January 15, 2010
HUD SECRETARY DONOVAN ANNOUNCES $47.9 MILLION IN RECOVERY ACT GRANTS TO STABILIZE NEIGHBORHOODS, REBUILD ECONOMIES IN MASSACHUSETTS
Neighborhood stabilization grants to help communities hard hit by the housing crisis
U.S. Housing and Urban Development Secretary Shaun Donovan today announced that HUD is awarding $47.9 million
in Recovery Act funding in three grants in Massachusetts under HUD's Neighborhood Stabilization Program (NSP).
The NSP grants announced today are part of $2 billion awarded nationwide to local communities and nonprofit
housing developers to combat the effects of vacant and abandoned homes while creating jobs. (Please see attachment for grant awards and summaries.)
Funded through the American Recovery and Reinvestment Act of 2009, this round of NSP grants is being awarded competitively to applicants who developed the most innovative ideas to address the impact the foreclosure crisis
has had on local communities, while demonstrating that they have the capacity to be responsible stewards of taxpayer dollars.
"Vacant homes have a debilitating effect on neighborhoods and often lead to reduced property values, blight, and neighborhood decay," said Donovan. "This additional $2 billion in Recovery Act funding will help stabilize hard hit communities by turning vacant homes from eyesores into community assets. The Neighborhood Stabilization program
is a key part of the Obama Administration's comprehensive approach to address the national housing and economic crisis."
- The City of Boston has been awarded $13,610,343;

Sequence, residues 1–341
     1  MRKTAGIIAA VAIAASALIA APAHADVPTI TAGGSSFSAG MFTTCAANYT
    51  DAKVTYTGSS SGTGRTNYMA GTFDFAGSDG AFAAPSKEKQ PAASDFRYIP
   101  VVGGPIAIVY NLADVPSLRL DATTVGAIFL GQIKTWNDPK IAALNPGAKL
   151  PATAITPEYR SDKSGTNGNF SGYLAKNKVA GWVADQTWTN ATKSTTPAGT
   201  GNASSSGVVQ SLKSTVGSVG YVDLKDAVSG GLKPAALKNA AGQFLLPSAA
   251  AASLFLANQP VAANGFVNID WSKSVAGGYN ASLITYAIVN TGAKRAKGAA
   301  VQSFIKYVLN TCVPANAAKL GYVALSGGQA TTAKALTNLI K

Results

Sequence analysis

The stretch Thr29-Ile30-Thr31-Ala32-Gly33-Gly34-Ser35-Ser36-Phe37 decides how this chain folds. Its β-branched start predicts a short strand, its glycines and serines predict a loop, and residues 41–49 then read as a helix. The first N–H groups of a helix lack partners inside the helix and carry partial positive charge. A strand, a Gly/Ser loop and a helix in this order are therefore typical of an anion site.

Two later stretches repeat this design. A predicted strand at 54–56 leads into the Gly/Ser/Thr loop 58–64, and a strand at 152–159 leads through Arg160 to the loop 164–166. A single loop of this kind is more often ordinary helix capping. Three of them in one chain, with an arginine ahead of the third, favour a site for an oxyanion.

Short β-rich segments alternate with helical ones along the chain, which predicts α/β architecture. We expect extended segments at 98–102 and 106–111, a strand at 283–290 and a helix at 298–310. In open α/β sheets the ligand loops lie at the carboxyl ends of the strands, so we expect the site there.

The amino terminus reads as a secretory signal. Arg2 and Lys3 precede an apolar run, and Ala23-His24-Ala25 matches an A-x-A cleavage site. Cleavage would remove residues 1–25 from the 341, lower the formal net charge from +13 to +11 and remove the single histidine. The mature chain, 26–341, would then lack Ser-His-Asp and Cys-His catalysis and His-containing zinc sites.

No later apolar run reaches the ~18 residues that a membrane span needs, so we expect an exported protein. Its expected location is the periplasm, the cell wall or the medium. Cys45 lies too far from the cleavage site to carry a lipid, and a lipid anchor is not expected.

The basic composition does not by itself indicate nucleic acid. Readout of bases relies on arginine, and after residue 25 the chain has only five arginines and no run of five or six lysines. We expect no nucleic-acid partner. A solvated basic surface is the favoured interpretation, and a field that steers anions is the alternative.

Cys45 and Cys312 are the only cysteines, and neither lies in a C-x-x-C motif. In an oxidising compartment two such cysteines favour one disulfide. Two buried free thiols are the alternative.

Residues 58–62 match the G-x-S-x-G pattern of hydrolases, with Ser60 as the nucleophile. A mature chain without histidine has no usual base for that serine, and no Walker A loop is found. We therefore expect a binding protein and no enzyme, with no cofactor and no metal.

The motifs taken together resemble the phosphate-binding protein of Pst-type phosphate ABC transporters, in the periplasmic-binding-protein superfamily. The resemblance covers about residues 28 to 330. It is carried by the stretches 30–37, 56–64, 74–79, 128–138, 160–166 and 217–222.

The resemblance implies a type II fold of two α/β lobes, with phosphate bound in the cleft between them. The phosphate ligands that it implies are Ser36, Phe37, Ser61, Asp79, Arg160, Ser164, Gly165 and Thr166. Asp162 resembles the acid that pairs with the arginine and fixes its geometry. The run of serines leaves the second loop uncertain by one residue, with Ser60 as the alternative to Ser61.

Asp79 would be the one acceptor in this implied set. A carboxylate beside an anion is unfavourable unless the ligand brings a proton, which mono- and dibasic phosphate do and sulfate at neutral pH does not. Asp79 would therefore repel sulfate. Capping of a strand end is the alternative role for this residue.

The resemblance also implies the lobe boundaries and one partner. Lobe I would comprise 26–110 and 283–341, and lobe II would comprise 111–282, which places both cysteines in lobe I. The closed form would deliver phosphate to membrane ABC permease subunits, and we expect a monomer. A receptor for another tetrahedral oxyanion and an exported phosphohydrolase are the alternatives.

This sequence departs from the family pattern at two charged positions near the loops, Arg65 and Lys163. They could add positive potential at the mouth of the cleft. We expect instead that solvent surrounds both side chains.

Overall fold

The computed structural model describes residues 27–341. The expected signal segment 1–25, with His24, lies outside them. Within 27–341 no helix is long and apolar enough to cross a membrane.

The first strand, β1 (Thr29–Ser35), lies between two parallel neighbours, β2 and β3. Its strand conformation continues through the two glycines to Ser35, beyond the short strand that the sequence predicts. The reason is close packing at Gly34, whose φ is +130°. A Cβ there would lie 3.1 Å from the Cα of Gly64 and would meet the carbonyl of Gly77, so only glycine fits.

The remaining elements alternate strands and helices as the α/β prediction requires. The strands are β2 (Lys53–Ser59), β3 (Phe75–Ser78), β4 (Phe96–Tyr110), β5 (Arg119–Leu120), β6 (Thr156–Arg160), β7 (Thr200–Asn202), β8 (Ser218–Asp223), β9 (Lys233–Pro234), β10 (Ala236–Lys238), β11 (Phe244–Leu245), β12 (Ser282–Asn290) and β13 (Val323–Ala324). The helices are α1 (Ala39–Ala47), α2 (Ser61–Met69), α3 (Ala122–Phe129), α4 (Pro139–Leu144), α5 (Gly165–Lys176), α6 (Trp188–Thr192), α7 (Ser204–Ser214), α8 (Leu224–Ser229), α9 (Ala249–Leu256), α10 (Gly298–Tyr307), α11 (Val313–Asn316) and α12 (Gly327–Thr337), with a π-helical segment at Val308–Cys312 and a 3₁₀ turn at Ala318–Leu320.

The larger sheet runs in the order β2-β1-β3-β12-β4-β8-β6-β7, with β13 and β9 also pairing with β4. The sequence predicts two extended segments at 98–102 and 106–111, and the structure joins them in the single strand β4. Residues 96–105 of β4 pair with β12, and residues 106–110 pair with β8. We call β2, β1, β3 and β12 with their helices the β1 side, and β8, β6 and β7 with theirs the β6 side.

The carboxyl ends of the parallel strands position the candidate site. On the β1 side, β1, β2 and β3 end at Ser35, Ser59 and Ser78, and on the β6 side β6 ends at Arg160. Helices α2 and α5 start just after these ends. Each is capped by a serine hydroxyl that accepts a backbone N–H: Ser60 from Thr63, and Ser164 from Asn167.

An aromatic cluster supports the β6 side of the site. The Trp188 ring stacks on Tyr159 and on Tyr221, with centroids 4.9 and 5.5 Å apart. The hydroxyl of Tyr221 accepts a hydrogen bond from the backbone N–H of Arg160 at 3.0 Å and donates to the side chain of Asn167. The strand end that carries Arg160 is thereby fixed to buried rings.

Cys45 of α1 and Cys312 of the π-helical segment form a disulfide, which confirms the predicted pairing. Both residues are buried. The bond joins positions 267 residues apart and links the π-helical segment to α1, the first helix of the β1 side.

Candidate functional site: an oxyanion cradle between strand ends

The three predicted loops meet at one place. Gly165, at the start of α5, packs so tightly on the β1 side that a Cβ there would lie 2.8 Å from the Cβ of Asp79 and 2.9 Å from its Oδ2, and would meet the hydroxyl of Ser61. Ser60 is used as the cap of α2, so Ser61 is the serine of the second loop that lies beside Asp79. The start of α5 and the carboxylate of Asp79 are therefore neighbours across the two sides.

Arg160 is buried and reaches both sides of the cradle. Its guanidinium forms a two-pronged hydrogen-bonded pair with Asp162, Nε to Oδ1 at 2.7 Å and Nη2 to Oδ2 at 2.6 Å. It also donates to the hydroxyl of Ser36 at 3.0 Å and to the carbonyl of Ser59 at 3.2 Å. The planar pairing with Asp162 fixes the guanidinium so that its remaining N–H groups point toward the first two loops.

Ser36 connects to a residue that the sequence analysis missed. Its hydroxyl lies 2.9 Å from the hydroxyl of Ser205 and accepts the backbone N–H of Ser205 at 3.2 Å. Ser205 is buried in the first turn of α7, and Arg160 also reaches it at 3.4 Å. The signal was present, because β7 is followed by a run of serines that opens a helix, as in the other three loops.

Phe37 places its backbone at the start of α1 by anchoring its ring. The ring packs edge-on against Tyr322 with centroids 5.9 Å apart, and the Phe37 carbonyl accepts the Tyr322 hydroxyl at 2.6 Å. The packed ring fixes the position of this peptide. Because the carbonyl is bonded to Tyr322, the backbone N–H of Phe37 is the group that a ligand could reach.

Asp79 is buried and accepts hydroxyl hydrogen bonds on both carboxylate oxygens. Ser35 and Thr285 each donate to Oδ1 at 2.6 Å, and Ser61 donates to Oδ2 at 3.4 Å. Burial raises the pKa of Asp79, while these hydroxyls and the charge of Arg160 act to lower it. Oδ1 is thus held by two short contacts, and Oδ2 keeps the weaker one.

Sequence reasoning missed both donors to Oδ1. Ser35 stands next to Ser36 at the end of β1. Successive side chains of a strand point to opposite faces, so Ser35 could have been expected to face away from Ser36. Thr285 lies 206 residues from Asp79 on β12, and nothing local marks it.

- The Massachusetts Housing Investment Corporation has been awarded $21,882,940;
- Community Builders, Inc. has been awarded $12.5 million.
The Neighborhood Stabilization Program was created to address the foreclosure crisis, create jobs, and grow local economies by providing communities with the resources to purchase and rehabilitate foreclosed homes and convert them to affordable housing. Last year, HUD awarded nearly $4 billion in NSP formula funds to over 300 grantees nationwide to help state and local governments respond to rising foreclosures and falling home values.
In addition, on August 26, 2009, HUD awarded $50 million in technical assistance grants to help grantees more effectively manage the inventory of foreclosed homes they purchase undertheNeighborhood Stabilization Program. HUD's NSP technical assistance grants are helping NSP recipients to implement sound underwriting, management,
and fiscal controls; measure outcomes created by public funds; build the capacity of public-private partnerships; develop strategies to serve low-income households; incorporate energy efficiency into NSP programs; provide
support, and training on the operation of 'land banks'; and train NSP recipients on HUD program rules and financial management requirements.
The additional $2 billion in NSP grants being awarded today will build on the work being done now to help state and local governments and non-profit developers collaborate to acquire land and property; to demolish or rehabilitate abandoned properties; and/or to offer downpayment and closing cost assistance to low- to middle-income homebuyers. Grantees can also create "land banks" to assemble, temporarily manage, and dispose of foreclosed homes.
The Neighborhood Stabilization Program will also help to prevent future foreclosures by requiring housing counseling
for families receiving homebuyer assistance funds through NSP. In addition, it will protect homebuyers by requiring grantees to ensure that new homebuyers under this program obtain a mortgage from a lender who agrees to comply with sound lending practices.
Secretary Donovan and HUD are committed to providing the highest level of transparency possible as Recovery Act funds are spent quickly and efficiently. It is crucial that the American people are fully aware of how their tax dollars are being spent and can hold their federal leaders accountable. Every dollar of Recovery Act funds HUD spends can
be reviewed and tracked at HUD's Recovery Act website. The full text of HUD's funding notices and tracking future performance of these grants is also available at HUD's Recovery Act website.
Neighborhood Stabilization Grants - Massachusetts